American Crossword Puzzle Tournament

Top puzzler, 11 letters

Source: Chicago Sun-Times
Date: April 6, 2007
Byline: Shamus Toomey

Top puzzler, 11 letters

Tyler Hinman is far and away the best at down and across

Crossword puzzle fans, ponder this: Tyler Hinman, the reigning champ of the annual American Crossword Puzzle Tournament, can board the L at Belmont and finish a crossword by Diversey.

That's two stops. And he's just 22.

Hinman was a star of the 2006 hit film documentary "Wordplay" about the annual crossword competition — he was the redhead who won at the end. Now, he's back in the news after winning his third straight title. His victory March 25 in Stamford, Conn., tied the tournament record for consecutive wins.

Hinman was a college student at Rensselaer Polytechnic Institute in Troy, N.Y., when he was featured in the movie. Now, he lives in Lake View and is a bond trader at the Chicago Board of Trade.

He won the $5,000 first prize by finishing this year's championship puzzle in 13 minutes.

"There's no longer streak," Hinman said of his three-peat. "But two other people have done three in a row. It's elite company."

Hinman wore his trademark black T-shirt with a dragon on the front for the final round. It's a tradition that's worked well for him in the last three years.

New York Times crossword puzzle editor Will Shortz, who founded the tournament 30 years ago, said it "pleases him tremendously" that a 22-year-old can be a repeat champ.

"Crosswords are for people of all ages," Shortz said Thursday. "I hear of a lot of young people who solve crosswords, especially the New York Times puzzle, starting in high school. I think that says a lot about the serious intellectual skills of young people, as well as the long-term viability of crosswords."

Hinman took up crosswords in ninth grade. He was "terrible." But he kept plugging away. To hone his skills, he now does about eight puzzles a day, including some on his computer.

The New York Times puzzles get harder as the week progresses; Hinman said finishing by the Diversey stop on the L — or "by Fullerton, at the worst" — would be his standard for a Monday puzzle.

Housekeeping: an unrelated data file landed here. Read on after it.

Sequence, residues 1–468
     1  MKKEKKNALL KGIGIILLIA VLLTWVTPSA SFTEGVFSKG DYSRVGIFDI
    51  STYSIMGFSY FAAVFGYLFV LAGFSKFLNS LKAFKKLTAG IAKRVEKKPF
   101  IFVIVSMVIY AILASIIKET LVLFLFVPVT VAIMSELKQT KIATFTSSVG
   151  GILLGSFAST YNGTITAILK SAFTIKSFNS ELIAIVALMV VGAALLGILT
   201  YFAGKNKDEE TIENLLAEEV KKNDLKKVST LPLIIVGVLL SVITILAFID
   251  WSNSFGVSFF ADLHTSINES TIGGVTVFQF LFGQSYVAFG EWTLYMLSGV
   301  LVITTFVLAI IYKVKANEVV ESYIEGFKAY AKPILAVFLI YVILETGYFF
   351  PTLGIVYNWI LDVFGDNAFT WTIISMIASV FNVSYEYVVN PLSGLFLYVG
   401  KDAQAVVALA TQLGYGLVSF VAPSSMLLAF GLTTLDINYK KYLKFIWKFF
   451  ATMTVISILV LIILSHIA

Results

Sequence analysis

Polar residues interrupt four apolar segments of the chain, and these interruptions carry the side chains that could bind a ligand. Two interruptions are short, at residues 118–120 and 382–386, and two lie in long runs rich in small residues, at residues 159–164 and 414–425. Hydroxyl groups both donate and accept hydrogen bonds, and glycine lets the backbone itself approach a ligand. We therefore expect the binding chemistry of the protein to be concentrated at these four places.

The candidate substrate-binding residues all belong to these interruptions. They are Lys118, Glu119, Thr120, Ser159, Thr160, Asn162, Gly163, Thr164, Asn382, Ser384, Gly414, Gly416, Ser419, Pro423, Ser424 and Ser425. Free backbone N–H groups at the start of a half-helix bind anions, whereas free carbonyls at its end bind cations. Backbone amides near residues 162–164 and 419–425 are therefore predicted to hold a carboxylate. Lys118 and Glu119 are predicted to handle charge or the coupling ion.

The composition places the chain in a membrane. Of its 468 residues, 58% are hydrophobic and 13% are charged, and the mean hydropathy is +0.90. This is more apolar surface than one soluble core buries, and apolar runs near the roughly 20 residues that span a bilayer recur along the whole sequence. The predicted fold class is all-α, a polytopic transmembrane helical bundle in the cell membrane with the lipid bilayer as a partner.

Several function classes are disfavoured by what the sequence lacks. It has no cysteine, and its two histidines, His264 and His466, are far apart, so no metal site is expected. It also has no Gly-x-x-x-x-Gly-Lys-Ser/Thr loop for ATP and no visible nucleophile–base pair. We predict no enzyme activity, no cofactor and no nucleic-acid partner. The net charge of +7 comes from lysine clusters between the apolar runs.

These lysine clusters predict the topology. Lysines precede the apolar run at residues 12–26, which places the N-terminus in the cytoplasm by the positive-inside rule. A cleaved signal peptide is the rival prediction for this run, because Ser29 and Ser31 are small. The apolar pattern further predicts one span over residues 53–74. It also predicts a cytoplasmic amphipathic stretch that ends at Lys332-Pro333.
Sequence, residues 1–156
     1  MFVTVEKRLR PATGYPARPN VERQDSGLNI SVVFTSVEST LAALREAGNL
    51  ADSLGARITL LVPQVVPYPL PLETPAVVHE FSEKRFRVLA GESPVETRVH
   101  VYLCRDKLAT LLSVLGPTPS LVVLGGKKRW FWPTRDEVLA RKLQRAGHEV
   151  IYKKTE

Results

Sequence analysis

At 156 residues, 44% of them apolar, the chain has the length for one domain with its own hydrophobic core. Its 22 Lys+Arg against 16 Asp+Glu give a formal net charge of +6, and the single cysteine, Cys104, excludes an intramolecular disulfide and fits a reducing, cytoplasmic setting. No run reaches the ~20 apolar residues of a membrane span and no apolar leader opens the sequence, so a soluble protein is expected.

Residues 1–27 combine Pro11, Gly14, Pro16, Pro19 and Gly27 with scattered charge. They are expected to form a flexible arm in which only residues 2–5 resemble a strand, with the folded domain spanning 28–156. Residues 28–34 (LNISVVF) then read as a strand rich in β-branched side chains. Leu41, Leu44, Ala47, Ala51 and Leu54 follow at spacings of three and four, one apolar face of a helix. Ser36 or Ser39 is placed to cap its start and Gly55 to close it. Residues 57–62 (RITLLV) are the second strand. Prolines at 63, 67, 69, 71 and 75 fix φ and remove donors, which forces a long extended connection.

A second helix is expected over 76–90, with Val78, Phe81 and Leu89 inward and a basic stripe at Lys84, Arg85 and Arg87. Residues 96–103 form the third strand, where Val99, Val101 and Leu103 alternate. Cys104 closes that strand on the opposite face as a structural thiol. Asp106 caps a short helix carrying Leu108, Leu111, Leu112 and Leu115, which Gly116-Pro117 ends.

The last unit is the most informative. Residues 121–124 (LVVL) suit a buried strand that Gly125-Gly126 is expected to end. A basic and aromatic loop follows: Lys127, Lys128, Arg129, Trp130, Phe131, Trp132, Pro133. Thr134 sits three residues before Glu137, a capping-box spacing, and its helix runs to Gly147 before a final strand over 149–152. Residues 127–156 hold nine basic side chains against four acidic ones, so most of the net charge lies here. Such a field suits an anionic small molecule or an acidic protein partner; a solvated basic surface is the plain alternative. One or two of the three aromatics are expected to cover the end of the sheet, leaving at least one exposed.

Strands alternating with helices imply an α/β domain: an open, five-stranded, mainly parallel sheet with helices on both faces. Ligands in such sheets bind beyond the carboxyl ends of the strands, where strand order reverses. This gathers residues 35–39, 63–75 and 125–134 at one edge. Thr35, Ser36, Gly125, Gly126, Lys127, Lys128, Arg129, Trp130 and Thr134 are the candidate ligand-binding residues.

The Connecticut native likes Chicago but admits his night job as a trader with Darwin Capital Trading LLC is a challenge as he learns the ropes. He's living the single life, but don't expect him to bring up his championships at the corner tavern. That's what friends are for.

"Usually, one of my friends will kind of pimp it for me: 'Hey, do you know this guy's a three-time national champion?'

"It works OK. Not as well as I hoped, but it gets the conversation going. It's usually pretty short. [Women say] 'Yeah, my grandmother does crosswords.' That's the end of it, a lot of times."


  1. Practice, practice, practice. "When I started in ninth grade, I was terrible. I could get the Monday New York Times but really nothing else. I just kept trying."
  2. Challenge yourself with puzzles you can't solve at first. "If you need to, look up the answers the next day, and understand the clues to get more exposure."
  3. If stuck, stare. "You'd be surprised at what that can do."
  4. If that doesn't work, walk away. "Do some non-intellectual activity, and then come back. Sometimes, it's pretty amazing how quickly it can fall in that case."
  5. Practice writing answers and reading clues at the same time. "That can help in tournaments."